You Have All The Influence You Choose To Have - Philip Seymour Hoffman - What You Need to Know! - Coral Gables Trust Company
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You Have All The Influence You Choose To Have - Philip Seymour Hoffman

Most of us have envisioned what it would be like to be the beneficiary of a multimillion-dollar estate; however, it is rarely cherished by the beneficiary, the complexity of planning involved to not only protect their interest, but future generations as well.  Envision being the beneficiary of a $35 million estate, only for it to be reduced by roughly a third, this was exactly what occurred to Philip Seymour Hoffman’s estate.  Due to his decision to choose a simple estate planning technique, approximately $12 million will never make it into the hands of his family; instead, being consumed by unnecessary taxes and fees that could have easily been avoided.

Philip Seymour Hoffman passed away leaving behind his beloved girlfriend and their three young children.  While he certainly had the means to hire a top estate planning attorney to develop a comprehensive estate plan; however, Philip took the advice from his accountant who drafted a simple will, opposed to drafting a trust properly addressing his estate planning needs.  We recommend that our clients seek the advice from specialists within specific areas of planning, as this division of expertise is paramount to ensure goals do not deviate from their intended path. 

Philip’s fatal flaw can be attributed to being unmarried to his girlfriend at the time of his death, since the U.S. Tax code grants married couples with the benefits of unlimited marital deduction and portability.  Essentially, if Philip and his girlfriend had been married the estate would have passed to her entirely tax-free.  Even if the couple preferred not to marry, the use of trusts and other estate planning devices could have minimized, if not eliminated, the tax burden of his estate.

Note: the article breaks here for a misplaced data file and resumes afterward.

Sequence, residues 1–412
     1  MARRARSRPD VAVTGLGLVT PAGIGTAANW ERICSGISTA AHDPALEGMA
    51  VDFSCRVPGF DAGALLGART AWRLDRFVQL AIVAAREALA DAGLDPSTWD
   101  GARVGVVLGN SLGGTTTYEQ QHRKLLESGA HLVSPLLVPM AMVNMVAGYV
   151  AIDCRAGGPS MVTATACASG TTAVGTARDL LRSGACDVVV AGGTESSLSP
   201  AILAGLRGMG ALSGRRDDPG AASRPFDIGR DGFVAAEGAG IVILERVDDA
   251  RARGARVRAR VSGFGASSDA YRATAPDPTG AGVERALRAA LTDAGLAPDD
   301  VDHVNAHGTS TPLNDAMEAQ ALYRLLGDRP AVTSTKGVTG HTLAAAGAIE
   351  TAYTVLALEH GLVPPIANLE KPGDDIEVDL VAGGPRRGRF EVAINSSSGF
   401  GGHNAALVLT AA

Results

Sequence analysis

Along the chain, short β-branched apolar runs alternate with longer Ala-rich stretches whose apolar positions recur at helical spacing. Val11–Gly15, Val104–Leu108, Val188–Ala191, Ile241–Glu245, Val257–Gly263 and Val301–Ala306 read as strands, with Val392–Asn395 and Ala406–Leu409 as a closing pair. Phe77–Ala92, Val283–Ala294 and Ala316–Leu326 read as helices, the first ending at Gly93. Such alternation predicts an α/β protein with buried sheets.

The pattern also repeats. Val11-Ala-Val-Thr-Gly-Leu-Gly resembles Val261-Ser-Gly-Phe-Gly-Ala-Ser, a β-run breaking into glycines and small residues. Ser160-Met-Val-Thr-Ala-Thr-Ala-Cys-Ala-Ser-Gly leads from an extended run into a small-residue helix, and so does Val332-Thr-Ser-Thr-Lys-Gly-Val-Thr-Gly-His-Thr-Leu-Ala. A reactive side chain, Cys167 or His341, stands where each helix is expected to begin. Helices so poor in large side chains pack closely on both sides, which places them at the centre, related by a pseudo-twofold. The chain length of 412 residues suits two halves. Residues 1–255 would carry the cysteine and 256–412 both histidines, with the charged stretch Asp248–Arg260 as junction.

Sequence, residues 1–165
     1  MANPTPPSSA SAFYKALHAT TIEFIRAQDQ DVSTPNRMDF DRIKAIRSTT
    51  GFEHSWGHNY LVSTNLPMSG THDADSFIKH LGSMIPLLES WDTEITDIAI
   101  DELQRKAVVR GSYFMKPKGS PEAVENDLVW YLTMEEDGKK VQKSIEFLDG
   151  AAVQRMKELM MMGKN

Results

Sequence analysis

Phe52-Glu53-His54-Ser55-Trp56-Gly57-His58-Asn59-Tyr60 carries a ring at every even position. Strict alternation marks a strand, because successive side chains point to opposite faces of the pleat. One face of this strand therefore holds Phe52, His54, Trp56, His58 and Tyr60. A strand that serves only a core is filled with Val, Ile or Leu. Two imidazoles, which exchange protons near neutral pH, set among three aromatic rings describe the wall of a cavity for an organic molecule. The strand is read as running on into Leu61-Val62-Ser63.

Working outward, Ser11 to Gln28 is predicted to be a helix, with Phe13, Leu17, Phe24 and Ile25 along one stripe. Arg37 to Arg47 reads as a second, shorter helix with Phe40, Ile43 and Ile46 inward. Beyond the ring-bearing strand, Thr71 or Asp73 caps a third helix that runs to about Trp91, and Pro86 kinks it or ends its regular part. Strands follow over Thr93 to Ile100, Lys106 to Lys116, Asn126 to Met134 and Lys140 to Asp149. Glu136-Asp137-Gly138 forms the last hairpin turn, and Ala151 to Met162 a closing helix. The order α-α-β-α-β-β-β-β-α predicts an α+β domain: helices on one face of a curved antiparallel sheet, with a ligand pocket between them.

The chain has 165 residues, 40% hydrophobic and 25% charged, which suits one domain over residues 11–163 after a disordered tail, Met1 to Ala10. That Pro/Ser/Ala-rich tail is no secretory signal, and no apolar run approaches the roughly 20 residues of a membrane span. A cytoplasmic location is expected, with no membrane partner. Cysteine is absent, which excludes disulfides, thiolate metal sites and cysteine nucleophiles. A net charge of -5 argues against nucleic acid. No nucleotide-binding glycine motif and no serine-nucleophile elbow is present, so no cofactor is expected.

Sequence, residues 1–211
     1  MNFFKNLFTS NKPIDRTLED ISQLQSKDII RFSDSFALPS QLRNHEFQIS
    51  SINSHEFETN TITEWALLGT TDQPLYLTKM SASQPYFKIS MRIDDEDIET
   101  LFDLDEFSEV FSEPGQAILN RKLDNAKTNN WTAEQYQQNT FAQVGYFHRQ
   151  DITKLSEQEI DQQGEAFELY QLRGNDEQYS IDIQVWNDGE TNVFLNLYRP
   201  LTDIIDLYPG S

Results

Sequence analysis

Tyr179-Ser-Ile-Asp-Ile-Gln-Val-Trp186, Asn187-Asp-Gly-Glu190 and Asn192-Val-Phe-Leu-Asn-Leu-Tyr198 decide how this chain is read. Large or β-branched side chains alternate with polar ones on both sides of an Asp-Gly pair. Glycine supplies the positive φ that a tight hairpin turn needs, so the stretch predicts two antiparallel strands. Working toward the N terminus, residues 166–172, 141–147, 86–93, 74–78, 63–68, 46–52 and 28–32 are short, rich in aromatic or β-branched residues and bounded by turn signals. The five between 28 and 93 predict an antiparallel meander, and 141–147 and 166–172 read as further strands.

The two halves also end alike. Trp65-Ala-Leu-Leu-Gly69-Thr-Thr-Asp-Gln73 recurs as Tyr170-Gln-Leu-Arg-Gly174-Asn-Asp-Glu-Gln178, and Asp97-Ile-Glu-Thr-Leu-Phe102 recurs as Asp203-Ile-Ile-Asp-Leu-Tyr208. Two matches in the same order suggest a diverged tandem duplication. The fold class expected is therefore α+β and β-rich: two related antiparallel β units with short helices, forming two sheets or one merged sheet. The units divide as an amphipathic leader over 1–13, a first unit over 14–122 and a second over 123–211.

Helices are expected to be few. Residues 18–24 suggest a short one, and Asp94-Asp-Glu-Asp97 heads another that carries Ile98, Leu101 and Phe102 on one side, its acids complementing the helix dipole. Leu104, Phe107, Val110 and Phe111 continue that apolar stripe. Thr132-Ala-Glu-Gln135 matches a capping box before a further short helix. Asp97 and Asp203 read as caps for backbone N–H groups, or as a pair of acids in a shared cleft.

Philip despised what he called “trust fund kids” and did not want his children to head down that route.  On the contrary, trusts for his children would have allowed him to limit their access to assets and could have incorporated financial incentives to help motivate his children as they grew up.  Philip could have scheduled distributions based on age attainment, which would have allowed his children to receive funds when they are financially mature and able to make fiscally sound decisions.  Philip wanted to expose his children to the arts and cultural opportunities so they would develop the same appreciation.  This goal could have been accomplished by writing specific language in the trust to provide distributions to visit metropolitan areas, attend museums and concerts, as well as fund their cultural endeavors.  A corporate trustee could have been utilized to make sure his trust instructions would be objectively and faithfully honored.                           

The key to successful planning is to make sure our intended desires are clearly being expressed and outlined in the road map.  While it is easy to assume that we will not fall victim to the same mistakes as Philip, it is critical that we engage in dialogue with trust, tax, and investment specialists.  This will ensure any potential tax and legal implications are avoided and our goals are achieved in the manner we desire. Proper estate planning will not only avoid probate, but will keep our family out of the court, public eye, and conflict.  Philip said it best, “creating something is all about problem-solving”.

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